The U.S. Army Corps of Engineers has announced the end of Fort Peck Dam’s spillway release for this year. It’s been a long time coming, and spillway flood releases from Fort Peck Dam will end Friday, said John Daggett, Operations project manager at Fort Peck.
On Friday, remaining releases of 9,000 cubic feet per second will pass through the power houses. Fort Peck’s spillway released record levels of floodwater this year and has been flowing for a record 121 straight days.
Released water thundered from the spillway at up to 52,000 cfs during the flood releases in June.
It has been a record breaking year for the dam. The reservoir reached an elevation of 2,252.3 feet above mean sea level, breaking the previous record height of 2,251.6 feet msl set in 1975. The record peak daily discharge from the dam and spillway totaled 65,900 thousand cfs in June, almost twice the previous record discharge amount of 35,400 cfs, which was also set in 1975.
Despite the record flood year, visitation was up at the dam and reservoir, according to Daggett. “Our campgrounds and interpretive center have both had increased visitation from previous years,” Daggett said. “The two big visitor draws were the spillway releases and the excellent fishing this summer.”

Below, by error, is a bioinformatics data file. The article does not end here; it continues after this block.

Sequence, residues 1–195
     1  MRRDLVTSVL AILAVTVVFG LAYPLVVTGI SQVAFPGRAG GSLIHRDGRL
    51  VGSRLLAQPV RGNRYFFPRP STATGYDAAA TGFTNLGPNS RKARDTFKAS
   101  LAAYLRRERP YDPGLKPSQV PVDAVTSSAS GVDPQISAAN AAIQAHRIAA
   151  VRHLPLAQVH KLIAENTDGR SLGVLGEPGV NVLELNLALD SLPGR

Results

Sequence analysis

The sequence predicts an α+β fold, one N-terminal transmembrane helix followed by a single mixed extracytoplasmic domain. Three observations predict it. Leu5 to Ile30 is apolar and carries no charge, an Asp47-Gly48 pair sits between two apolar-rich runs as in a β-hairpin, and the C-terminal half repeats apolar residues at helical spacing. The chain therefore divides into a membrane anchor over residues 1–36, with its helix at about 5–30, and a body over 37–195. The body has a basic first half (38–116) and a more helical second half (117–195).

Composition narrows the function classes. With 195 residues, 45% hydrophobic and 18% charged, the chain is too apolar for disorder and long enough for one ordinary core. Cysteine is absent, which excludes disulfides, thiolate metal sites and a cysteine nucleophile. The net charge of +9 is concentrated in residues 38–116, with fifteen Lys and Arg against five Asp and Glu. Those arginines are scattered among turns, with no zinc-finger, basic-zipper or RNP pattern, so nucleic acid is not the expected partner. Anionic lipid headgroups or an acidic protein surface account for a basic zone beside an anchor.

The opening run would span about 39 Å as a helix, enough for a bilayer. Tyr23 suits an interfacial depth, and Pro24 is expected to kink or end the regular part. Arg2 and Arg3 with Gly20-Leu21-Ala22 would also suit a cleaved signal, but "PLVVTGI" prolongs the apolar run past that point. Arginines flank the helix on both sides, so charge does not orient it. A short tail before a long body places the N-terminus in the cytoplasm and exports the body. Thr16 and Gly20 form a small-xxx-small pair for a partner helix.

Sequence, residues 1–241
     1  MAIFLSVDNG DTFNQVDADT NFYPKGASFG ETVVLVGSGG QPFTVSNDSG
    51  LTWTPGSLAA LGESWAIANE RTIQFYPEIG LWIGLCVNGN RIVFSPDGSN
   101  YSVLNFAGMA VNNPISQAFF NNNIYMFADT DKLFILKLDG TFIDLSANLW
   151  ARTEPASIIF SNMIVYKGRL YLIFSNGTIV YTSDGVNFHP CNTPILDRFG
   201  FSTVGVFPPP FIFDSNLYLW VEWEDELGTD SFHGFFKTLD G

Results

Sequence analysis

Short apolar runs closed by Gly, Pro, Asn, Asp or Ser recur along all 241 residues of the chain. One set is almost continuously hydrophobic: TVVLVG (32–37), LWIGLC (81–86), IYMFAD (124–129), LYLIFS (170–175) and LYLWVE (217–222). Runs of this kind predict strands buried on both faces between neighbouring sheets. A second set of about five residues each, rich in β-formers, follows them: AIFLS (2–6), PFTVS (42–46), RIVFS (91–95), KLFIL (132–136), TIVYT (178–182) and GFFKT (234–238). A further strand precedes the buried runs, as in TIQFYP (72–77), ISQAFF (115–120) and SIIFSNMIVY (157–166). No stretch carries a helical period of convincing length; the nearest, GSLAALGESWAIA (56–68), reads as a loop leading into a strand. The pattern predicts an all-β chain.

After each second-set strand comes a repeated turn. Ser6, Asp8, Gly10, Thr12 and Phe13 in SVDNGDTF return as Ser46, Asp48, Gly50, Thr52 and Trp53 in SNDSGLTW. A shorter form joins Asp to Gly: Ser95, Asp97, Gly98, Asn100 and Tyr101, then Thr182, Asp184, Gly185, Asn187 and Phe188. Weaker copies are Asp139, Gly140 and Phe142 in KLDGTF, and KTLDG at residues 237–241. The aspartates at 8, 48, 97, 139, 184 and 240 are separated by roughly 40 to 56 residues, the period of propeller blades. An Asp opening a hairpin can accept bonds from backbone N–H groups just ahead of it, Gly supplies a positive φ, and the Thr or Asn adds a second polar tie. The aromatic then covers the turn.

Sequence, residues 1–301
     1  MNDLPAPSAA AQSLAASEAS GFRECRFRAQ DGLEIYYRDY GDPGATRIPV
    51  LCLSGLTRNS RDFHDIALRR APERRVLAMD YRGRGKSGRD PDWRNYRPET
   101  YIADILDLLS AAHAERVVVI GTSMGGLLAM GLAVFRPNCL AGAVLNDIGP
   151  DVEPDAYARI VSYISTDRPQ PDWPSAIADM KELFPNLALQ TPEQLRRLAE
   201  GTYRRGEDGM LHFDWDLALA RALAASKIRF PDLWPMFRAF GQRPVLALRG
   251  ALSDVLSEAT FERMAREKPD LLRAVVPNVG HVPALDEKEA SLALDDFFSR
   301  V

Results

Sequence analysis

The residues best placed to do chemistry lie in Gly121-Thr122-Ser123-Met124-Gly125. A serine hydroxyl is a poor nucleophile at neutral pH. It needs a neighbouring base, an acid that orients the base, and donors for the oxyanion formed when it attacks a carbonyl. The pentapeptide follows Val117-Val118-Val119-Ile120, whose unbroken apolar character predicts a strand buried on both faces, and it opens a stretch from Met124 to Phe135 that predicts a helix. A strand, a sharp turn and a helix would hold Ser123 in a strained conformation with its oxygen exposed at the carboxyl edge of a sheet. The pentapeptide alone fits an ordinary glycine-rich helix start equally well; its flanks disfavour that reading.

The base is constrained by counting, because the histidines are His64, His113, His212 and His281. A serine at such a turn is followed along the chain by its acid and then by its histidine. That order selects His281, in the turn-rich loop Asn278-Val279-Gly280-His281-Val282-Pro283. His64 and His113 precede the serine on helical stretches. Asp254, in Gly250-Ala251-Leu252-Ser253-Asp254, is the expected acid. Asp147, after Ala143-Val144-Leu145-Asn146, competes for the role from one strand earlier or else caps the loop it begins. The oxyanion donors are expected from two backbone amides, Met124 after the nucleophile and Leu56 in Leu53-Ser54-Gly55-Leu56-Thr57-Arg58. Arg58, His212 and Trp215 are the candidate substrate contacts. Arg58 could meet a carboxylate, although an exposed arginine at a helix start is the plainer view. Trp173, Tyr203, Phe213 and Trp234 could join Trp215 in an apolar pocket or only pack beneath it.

Daggett said the dam and spillway performed very well during this record event. “We will be assessing the condition of all of our facilities this fall and making needed repairs,” Daggett said. “There will be focus on the spillway. We know we have some concrete repairs, and will look at the erosion immediately downstream of the spillway.”
The project plans to complete any needed repairs on the dam and spillway before next year’s runoff season. Another priority will be to lower the reservoir 4 more feet by March 1 from today’s pool of 2,238.0 feet msl to 2,234.0 msl. March 1 is the target date for the Missouri River mainstem system to reach a flood storage level of 16.3 million acre feet. Fort Peck’s share of this total flood storage is 22.6 percent or 3.675 million acre feet.